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Mechanical olive harvesting advances described to growers

Mechanical harvesting research in California olives during the 2007 season documented greater efficiency with hedgerows over traditional trees, according to Louise Ferguson, University of California, Davis Extension specialist in pomology.

Ferguson explained the 2007 trial results and plans for the 2008 harvest research during a Central California olive day at Exeter recently.

She heads a team including food science experts Diane Barrett and Jean-Xavier Guinard of UC Davis and Jackie Burns, horticulture specialist of the University of Florida. Additional UC Extension personnel and California growers are cooperating.

The table olive industry, caught between general rising costs and expected lower gross returns, and threatened by possible labor shortages and an anticipated short crop this year, is turning to mechanical harvesting for survival.

“We are trying to develop a harvester that will produce commercially marketable processed olives,” Ferguson said. “To do that, the harvester has to have efficient enough fruit removal to beat hand harvest and has to maintain fruit quality for processing.”

It would be very helpful, she added, if a machine could work with an abscission agent sprayed on trees to decrease the force required to remove the fruit. Several abscission-causing compounds are being evaluated.

Reducing the force would increase harvester efficiency and decrease fruit damage. However, pre- and post-harvest treatments might also be needed to counteract undesirable effects such as dropping leaves or immature fruit.

“And we really need to look at pruning current trees and training future trees to make the harvesting more efficient,” she said.

Trials in 2007 near Exeter included work with the experimental DSE 007 harvester from Dave Smith Engineering of Exeter. The original design was developed by Phil Scott of AgRight of Madera and modified by OXBO of Wisconsin before undergoing additional changes to its present form.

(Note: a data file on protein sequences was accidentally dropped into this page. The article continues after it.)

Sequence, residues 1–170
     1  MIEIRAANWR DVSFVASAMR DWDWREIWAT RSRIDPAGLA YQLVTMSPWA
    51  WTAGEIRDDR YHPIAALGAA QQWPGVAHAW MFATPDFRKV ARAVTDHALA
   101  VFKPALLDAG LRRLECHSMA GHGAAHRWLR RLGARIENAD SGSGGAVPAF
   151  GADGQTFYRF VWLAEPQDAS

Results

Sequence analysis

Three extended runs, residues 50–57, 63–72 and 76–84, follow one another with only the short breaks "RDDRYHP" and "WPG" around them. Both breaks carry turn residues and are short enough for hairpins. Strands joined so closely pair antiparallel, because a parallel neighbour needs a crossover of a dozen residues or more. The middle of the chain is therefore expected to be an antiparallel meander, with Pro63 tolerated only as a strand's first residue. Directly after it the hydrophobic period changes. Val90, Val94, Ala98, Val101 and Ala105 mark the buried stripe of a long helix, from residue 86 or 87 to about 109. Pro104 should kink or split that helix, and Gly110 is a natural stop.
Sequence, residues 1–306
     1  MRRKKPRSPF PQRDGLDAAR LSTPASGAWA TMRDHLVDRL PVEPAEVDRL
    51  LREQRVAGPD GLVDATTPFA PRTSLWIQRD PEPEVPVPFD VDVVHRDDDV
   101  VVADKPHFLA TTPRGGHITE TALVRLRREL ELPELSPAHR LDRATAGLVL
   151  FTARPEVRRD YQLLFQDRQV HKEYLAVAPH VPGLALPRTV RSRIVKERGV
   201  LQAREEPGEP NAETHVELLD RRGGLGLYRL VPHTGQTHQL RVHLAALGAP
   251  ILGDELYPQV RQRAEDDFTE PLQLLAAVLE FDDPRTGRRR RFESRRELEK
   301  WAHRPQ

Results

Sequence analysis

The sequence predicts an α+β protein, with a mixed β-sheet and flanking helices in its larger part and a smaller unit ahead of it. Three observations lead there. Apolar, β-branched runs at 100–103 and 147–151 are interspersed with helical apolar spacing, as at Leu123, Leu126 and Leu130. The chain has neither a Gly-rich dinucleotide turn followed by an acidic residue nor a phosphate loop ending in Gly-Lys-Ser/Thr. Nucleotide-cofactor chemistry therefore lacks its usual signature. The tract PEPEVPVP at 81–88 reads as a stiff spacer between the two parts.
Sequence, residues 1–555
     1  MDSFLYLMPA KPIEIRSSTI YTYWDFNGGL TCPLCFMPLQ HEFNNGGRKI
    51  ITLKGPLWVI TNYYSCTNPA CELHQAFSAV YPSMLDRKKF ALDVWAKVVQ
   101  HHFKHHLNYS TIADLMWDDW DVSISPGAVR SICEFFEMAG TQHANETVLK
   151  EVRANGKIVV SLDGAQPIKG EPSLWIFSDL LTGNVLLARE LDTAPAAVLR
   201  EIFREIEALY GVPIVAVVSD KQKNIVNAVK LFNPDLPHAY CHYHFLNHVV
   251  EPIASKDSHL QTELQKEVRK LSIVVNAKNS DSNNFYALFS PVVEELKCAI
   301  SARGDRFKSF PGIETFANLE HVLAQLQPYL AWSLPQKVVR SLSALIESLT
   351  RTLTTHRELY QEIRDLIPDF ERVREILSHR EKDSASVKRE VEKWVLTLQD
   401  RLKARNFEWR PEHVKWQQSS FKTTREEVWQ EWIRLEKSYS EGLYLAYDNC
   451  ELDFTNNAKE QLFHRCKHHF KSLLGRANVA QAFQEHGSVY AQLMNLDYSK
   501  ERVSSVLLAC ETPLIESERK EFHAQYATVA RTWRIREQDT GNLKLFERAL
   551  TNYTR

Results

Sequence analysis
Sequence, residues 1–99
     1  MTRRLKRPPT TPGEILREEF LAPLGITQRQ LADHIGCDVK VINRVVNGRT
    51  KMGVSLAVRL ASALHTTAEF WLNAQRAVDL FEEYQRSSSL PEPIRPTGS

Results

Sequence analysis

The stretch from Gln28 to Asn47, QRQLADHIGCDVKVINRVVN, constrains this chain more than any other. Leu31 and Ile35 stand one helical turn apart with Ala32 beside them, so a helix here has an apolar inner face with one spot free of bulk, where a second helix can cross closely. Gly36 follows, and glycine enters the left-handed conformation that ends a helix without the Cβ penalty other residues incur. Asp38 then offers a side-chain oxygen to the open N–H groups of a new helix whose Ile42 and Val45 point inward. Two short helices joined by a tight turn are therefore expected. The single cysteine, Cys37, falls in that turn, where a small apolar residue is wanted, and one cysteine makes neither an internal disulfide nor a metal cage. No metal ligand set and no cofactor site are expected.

Design advances, including an improved picking head, additional padding to protect fruit from bruising and a GPS system for yield monitoring, were made to the machine for the 2007 trials. It is being used again this year in trials at Exeter.

Among other data, Ferguson recorded that when the machine was operated on traditionally pruned trees, efficiency, or the amount of olives collected in bins, was only 11 percent and in some trees damage was quite severe.

However, when the machine was operated on hedgerow pruned trees, fruit removal efficiency jumped to 73 percent while tree damage was 13 percent.

In a Colusa County trial last year comparing hand harvesting with a Spanish wrap-around trunk shaker harvester, the researchers learned the method of picking is less related than previously thought to the quality of the finished processed product.

The project is also monitoring a hedgerow orchard planted in 2001 to the Manzanillo variety in Colusa County. Four designs: conventional, free-standing espalier, espalier woven through a trellis, and espalier clipped to a trellis, are being used. The trees are about 12 feet high, 6 feet wide, and skirted about 3 feet off the ground.

Ferguson said thus far all designs have shown equal yields, and the evaluations will continue until trees mature and yield increases flatten out. The team is testing four commercially available shaker harvesters with the four hedgerow configurations.

Ferguson and Krueger are scheduled to evaluate the Maqtec Colossus picking head harvester in Argentina in February of 2009. The equipment has some improvements suggested after their trials with it early this year.